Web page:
At a news conference downtown Tuesday, officials with the Department of Toxic Substances Control discussed their findings.
"In our investigations, we found jewelry that in some cases contained over 1,000 times the legal limit for lead," said Brian Johnson, deputy director of enforcement for DTSC.
California law restricts the amount of lead and cadmium that can be present in jewelry sold on the market. Yet the investigation conducted by the DTSC and the Center for Environmental Health found many jewelry stores in Downtown L.A. are still selling tainted items.
"This kind of lower-cost jewelry is often found disproportionately in communities in lower socio-economic communities here in California," said Johnson.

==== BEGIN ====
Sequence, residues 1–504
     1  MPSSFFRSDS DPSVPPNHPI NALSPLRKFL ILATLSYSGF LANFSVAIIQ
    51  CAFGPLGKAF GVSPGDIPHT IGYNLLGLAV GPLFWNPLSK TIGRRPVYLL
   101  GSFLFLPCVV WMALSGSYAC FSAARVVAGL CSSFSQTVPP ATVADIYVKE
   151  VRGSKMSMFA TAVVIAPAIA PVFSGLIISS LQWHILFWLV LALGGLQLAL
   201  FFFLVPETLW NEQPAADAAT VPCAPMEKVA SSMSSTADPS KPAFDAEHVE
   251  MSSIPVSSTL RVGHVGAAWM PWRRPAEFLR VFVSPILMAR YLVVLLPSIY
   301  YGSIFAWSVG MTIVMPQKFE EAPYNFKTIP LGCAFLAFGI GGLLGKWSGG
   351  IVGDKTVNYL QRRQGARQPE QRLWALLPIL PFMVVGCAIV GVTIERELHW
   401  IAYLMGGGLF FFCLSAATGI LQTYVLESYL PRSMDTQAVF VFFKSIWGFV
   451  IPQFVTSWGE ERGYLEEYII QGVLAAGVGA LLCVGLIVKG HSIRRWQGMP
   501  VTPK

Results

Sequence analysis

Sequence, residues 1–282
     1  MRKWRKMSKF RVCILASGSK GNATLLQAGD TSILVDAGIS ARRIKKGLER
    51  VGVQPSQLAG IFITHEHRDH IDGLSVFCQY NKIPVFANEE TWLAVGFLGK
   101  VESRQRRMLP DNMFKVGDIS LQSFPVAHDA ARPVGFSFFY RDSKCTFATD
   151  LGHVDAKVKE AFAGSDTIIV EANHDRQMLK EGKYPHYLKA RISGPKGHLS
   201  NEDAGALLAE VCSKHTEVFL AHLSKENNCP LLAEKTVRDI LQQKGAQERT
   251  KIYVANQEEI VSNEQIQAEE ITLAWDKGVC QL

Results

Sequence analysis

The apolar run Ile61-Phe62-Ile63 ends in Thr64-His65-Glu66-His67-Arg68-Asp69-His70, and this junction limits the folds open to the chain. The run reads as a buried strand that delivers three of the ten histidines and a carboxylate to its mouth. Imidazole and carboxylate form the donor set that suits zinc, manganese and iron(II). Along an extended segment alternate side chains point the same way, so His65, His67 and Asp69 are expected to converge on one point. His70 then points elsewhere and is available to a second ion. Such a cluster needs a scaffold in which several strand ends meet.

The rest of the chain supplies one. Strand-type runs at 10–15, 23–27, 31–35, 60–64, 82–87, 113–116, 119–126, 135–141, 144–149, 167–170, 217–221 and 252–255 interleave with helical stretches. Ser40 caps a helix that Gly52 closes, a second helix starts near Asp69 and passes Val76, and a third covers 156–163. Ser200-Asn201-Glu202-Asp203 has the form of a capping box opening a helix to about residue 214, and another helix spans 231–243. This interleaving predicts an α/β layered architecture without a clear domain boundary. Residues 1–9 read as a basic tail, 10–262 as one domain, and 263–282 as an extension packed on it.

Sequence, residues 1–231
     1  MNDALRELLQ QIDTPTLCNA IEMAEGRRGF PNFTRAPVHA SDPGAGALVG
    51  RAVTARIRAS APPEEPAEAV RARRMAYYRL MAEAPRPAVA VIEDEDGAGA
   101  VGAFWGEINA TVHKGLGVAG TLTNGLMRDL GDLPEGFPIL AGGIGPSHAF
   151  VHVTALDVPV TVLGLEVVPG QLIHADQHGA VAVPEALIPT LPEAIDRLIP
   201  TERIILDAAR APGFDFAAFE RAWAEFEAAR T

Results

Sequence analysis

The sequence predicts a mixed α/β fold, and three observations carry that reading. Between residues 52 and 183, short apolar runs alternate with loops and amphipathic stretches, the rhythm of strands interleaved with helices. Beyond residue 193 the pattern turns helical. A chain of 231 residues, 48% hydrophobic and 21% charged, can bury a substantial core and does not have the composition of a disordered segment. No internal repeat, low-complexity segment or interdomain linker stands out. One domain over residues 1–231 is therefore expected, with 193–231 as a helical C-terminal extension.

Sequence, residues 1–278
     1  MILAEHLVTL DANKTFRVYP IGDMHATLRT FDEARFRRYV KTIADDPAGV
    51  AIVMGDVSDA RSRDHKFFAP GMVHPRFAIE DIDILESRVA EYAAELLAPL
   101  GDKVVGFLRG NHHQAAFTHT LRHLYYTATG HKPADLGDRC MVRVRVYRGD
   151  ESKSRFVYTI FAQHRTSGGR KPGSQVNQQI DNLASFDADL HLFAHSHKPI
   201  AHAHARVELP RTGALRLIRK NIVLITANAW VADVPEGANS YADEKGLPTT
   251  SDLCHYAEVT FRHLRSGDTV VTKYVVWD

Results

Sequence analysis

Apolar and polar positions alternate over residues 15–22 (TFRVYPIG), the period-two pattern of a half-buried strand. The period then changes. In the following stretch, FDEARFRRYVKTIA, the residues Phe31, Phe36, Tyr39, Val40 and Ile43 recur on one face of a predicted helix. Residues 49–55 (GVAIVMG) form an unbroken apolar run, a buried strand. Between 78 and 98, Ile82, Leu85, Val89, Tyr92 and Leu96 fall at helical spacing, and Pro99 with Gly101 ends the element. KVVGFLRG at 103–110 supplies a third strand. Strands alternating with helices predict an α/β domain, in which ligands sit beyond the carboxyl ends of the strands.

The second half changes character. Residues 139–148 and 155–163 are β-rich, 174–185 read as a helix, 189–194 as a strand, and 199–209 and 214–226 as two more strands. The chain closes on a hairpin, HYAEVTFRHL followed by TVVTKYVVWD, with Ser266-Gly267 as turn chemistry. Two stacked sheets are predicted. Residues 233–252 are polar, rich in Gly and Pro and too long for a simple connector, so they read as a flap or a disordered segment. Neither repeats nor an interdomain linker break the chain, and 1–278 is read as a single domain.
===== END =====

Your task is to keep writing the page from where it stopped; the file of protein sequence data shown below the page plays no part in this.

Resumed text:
To help combat the problem, DTSC and CEH have a complaint against 16 businesses that sell jewelry containing high levels of lead, hoping fines of up to tens of thousands of dollars will get the companies to change their practices.
"Lead is a potent neurotoxin, that is particularly harmful to children, and cadmium is believed to cause of cancer," said Johnson.
In some cases, the jewelry found in the 16 stores had tags that said the items were lead-free when, in fact, they were not.
The state is also asking consumers to be proactive by asking sellers about the products and what kinds of metals compose the jewelry.